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The Student-Run Newspaper of Townsend Harris High School at Queens College

The Classic

The Student-Run Newspaper of Townsend Harris High School at Queens College

The Classic

With record-breaking heat the story of the summer, Harrisites discuss where climate change has entered their lives

With+record-breaking+heat+the+story+of+the+summer%2C+Harrisites+discuss+where+climate+change+has+entered+their+lives
Amy Jiang
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Record-breaking heat waves have plagued the summer of 2023 globally, a combined effect of human-induced climate change and the El Niño weather pattern. In the United States, some stand-out instances of extreme heat have been seen in Arizona, central Texas, and southern California, where temperatures remain well above 100°F. However, rises in temperature pose a health threat everywhere, particularly in places where people aren’t used to the heat. This includes New York City, which itself underwent a heat advisory from July 27th to the 31st, with peaking highs of 94°F. Additionally, there have been several instances of natural disasters stemming from the hot weather, such as extreme precipitation and wildfires, around the world. 

These factors have raised concern amongst students involving their futures on the warming planet. Harrisites noted changes they have made to their usual summer routines as a result of the heat.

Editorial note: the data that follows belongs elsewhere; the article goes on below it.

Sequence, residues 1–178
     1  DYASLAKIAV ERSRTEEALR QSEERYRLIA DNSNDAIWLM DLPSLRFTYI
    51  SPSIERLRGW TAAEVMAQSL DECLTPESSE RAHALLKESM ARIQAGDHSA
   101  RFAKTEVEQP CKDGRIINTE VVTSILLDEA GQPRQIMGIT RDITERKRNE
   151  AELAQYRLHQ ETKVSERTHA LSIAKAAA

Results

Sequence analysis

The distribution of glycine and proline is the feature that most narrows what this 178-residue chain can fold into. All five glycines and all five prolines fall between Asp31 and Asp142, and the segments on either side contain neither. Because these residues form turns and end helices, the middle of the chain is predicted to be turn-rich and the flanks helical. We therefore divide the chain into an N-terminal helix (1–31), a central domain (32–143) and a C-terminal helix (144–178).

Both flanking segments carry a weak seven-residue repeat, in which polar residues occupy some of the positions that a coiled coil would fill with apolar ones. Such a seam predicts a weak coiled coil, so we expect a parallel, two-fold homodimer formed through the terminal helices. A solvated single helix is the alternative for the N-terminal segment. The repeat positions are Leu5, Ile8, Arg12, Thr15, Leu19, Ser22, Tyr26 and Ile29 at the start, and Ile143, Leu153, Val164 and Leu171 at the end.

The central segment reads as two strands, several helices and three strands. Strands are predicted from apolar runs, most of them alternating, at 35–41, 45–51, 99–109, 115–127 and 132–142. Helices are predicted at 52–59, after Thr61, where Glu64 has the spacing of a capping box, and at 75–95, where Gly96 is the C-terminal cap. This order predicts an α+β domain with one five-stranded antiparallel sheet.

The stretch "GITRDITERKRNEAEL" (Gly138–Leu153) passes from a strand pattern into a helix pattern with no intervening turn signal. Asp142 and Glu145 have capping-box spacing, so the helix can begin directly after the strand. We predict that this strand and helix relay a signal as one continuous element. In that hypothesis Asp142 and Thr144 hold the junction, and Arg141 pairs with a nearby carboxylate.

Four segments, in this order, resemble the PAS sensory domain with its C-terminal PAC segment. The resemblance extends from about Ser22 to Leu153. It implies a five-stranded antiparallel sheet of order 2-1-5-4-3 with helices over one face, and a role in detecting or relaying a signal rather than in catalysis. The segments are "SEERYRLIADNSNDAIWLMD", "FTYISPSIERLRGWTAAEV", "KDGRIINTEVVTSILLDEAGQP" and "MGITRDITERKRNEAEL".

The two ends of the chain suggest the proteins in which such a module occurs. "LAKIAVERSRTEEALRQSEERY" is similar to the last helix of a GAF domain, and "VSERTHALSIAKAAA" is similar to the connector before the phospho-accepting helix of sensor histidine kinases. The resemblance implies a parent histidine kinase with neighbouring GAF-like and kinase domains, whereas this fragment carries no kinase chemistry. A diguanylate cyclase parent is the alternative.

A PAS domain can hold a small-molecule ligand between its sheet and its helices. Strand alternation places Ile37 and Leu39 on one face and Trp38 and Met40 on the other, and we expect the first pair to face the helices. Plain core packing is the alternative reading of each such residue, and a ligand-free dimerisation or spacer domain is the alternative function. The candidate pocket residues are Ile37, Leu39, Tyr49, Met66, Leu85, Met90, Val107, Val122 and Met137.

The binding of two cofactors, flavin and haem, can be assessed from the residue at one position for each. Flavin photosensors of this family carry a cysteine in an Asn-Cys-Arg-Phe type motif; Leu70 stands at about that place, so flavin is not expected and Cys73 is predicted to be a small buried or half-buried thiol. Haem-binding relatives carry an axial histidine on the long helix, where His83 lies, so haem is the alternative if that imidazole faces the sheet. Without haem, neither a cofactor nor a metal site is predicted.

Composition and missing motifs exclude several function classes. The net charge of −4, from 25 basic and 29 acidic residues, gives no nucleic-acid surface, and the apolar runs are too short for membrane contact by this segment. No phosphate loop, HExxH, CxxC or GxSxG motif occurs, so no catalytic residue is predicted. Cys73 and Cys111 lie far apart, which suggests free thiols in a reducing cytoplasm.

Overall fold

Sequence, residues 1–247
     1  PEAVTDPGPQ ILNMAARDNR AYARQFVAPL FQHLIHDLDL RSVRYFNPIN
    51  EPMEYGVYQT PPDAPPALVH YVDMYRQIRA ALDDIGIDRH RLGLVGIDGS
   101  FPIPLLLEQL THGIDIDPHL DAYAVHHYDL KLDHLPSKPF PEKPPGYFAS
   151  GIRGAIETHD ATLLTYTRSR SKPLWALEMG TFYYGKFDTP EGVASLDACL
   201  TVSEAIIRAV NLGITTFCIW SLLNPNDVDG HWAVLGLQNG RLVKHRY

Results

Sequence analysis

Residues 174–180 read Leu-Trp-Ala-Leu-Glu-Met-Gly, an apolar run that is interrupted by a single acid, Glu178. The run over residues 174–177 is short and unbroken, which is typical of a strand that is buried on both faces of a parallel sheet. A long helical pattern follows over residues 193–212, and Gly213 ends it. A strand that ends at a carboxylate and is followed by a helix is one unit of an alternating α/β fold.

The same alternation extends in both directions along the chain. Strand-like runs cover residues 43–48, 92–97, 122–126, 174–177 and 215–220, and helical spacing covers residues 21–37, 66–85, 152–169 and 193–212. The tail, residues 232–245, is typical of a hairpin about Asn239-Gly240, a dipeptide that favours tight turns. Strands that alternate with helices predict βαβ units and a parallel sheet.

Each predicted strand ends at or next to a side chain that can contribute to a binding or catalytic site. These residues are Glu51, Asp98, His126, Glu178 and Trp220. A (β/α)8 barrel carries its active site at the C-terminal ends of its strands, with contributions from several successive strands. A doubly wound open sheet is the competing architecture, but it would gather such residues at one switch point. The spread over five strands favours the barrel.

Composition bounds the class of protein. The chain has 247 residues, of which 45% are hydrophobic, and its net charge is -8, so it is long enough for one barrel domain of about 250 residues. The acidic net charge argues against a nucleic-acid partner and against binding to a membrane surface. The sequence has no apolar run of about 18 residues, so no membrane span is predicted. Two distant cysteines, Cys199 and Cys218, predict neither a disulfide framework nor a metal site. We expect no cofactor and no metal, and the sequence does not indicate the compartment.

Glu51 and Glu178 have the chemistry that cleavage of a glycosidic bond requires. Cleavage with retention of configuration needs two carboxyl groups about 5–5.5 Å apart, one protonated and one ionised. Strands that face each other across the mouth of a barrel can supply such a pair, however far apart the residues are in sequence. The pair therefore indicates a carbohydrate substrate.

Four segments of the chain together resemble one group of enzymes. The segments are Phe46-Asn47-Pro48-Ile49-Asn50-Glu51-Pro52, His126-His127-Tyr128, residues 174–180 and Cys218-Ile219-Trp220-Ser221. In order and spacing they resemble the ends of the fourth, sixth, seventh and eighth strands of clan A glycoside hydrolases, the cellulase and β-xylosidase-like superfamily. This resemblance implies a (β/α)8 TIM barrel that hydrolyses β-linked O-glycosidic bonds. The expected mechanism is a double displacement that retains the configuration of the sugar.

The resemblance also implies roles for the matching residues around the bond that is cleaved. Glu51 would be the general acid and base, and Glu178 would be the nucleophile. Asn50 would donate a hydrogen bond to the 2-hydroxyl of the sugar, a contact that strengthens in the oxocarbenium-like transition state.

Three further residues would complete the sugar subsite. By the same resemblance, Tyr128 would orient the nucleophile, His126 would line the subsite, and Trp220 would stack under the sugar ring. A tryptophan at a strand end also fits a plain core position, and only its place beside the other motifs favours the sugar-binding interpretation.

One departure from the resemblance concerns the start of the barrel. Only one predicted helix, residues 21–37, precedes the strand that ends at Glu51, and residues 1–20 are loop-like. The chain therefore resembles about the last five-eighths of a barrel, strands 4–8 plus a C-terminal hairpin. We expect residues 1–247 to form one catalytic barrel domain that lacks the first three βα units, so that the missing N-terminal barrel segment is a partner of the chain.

“I definitely felt a difference in the heat levels during the month of July. There were a few days where it was really hot, and we would blast the AC. I went to Washington DC for a trip, too, and it was even hotter and more humid there compared to New York City,” said senior Briana Mach. “The temperatures have not felt normal at all,” she added. 

“Last summer was a bit cooler,” said junior Hayden Wong. “It was too hot to play any sports so I’ve been slacking physically.”

Senior Dominique Silaban, who worked at a summer camp for young children this summer, said, “On days that it was really hot, I noticed that each group added an extra pool or sprinkler [session] for their kids, and reduced time at certain spots that were directly exposed to the sun, for example, the basketball court, tennis court, softball and soccer fields.”

Currently, an intensive heat dome has enveloped the Lower 48 states, with more present in southern Europe and parts of Asia. Heat domes are natural phenomenons that are formed over the course of weeks when a crest of high pressure increasingly adds onto an area, trapping and heating the air inside. An El Niño weather pattern is also in effect, meaning warm water from the Pacific Ocean is being pushed east towards the west coast of North America; this has influenced warm air and intensive humidity in parts of Canada and the northern part of the U.S., as well as drought in other areas of the world. These make the heat waves in these places worse than they already are.